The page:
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Tens of thousands of teenagers are finishing school for the vacation and are planning to get summer jobs as camp counselors, event-promoters, waiters and fast food workers. Some youth will also work in family businesses.

Youth movement Hanoar Haoved v'Halomed says that most working teens come from middle class families, and don't have to get the jobs. Attorney Hila Porat of the Trendline group says "During summer vacation, it is legal for kids who are 14 to work."

Before starting to look for a job, TheMarker provides some useful information from Israel's labor laws.

Work hours: Teenagers can't work more than 8 hours per day or 40 hours per week.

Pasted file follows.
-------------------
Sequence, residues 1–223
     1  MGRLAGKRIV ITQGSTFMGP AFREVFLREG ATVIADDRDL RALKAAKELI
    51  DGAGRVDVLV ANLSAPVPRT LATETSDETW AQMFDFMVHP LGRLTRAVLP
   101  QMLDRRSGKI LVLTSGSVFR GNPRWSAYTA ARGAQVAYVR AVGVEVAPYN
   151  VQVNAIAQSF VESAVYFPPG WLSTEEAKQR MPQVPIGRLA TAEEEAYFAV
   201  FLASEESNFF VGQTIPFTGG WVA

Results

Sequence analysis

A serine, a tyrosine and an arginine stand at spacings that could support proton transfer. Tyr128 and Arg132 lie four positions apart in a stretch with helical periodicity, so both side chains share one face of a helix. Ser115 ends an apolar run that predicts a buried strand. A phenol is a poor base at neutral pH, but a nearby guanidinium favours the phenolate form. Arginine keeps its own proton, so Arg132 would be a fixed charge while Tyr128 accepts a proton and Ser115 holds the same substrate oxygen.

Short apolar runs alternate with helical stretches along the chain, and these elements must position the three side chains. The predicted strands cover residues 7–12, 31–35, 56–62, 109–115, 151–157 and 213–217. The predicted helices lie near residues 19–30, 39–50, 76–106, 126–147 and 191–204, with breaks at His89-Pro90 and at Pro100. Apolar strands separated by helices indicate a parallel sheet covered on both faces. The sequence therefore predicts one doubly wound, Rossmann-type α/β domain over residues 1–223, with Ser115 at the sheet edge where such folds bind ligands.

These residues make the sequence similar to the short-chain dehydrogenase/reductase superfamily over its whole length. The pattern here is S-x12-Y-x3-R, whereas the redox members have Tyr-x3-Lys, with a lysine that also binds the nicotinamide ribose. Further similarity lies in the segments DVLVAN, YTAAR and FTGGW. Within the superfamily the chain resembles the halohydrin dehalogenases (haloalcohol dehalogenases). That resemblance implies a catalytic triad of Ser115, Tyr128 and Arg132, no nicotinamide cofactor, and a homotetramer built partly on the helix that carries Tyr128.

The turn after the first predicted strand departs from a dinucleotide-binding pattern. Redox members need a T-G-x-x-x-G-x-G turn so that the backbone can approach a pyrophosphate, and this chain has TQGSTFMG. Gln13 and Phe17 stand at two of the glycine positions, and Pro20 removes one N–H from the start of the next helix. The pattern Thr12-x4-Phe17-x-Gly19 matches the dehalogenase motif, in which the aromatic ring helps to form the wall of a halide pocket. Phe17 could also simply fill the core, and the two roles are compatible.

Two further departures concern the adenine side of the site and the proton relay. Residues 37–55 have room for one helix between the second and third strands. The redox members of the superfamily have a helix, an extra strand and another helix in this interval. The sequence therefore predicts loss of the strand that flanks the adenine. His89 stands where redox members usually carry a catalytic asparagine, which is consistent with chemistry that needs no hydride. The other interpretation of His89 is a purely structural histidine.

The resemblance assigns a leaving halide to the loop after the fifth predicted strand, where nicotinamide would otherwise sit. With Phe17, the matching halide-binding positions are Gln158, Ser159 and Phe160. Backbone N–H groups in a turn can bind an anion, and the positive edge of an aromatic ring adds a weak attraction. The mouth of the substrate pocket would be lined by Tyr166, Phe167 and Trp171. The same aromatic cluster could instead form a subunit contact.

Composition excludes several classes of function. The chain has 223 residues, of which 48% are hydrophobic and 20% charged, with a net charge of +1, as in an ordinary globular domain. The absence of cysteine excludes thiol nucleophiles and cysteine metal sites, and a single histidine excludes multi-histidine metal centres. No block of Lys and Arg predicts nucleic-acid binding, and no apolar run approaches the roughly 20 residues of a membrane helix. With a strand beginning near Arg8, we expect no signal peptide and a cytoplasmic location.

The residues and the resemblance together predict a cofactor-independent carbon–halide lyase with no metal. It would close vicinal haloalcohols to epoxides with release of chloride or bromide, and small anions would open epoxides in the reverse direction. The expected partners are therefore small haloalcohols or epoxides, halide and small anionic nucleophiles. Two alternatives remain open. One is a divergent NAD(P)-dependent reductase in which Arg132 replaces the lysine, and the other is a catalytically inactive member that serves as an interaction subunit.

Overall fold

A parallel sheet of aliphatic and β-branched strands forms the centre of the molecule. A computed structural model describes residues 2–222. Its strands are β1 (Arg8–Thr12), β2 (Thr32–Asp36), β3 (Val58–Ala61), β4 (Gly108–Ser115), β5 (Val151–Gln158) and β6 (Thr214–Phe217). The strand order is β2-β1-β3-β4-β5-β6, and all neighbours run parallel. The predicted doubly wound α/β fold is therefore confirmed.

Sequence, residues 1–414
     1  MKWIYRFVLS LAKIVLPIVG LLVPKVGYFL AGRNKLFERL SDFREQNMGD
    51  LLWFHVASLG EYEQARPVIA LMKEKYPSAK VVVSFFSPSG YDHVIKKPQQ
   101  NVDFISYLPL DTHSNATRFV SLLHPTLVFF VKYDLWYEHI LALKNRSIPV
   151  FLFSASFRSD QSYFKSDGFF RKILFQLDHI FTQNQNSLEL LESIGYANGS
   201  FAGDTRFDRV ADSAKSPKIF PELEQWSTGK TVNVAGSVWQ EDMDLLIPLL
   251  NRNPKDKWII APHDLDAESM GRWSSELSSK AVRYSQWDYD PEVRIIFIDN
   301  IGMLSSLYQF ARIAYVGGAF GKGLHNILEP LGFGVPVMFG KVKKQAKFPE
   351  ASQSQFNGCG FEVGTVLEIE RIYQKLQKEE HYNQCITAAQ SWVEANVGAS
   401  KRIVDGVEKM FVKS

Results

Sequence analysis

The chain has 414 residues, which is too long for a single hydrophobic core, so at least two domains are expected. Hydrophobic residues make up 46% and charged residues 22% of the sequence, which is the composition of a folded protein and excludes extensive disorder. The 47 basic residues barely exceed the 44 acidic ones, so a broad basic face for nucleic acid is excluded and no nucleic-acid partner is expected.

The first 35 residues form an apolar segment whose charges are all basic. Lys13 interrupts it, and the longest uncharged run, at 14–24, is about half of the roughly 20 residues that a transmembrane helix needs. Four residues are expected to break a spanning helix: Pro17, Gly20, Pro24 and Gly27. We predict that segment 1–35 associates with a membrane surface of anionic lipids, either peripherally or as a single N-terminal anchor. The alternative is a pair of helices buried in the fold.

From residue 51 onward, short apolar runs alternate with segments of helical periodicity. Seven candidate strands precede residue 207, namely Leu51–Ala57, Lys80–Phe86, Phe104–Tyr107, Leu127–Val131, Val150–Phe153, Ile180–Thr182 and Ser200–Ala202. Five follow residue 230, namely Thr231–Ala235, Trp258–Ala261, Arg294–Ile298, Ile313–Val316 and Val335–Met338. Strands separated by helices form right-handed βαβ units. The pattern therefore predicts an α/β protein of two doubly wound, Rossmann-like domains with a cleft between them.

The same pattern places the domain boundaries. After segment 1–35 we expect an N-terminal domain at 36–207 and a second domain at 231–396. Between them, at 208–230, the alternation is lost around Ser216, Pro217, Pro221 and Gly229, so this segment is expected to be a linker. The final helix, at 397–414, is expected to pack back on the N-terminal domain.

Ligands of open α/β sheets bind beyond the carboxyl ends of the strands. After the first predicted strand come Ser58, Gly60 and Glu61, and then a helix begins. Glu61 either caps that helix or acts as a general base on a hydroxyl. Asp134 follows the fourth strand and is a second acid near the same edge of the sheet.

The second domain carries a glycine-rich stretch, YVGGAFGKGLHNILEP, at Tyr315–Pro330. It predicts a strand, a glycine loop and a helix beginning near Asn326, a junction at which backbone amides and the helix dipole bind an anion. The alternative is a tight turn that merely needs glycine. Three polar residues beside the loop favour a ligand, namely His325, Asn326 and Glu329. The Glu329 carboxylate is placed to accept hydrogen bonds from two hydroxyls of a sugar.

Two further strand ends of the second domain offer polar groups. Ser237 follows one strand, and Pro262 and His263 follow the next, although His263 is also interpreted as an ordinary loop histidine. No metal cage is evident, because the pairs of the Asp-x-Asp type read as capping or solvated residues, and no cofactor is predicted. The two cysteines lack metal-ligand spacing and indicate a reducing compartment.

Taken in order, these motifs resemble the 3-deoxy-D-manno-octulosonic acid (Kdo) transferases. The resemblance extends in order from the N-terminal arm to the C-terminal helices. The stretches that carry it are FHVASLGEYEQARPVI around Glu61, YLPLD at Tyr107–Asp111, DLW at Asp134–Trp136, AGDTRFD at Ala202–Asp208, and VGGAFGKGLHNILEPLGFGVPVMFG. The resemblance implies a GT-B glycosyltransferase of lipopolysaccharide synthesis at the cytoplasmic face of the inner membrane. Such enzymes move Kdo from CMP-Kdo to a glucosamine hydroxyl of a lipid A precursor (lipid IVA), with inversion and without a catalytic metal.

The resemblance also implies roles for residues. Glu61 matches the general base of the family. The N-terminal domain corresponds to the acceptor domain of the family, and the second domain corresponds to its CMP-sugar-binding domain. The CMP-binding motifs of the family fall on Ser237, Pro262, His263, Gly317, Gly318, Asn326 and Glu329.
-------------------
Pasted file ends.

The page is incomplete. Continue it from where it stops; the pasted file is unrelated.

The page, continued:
Breaks: Teenagers who work 6 or more hours a day are entitled to a 45-minute meal break, not on the clock.

Night work: Teenagers under age 16 cannot work between the hours of 8:00 P.M. and 8:00 A.M. Teenagers under age 18 cannot work between 10:00 P.M and 6:00 A.M.

Weekend: Working teenagers are entitled to 36 consecutive hours of rest per week.

Overtime: Teenagers cannot work overtime.

Travel costs: Teenagers are entitled to be repaid up to NIS 21.14 per day.

Medical exam: Teenagers must undergo a physical once a year and get a doctor's permission to work.

National Insurance: Employers must pay NII fees for youth employees, which cannot be withheld from their pay.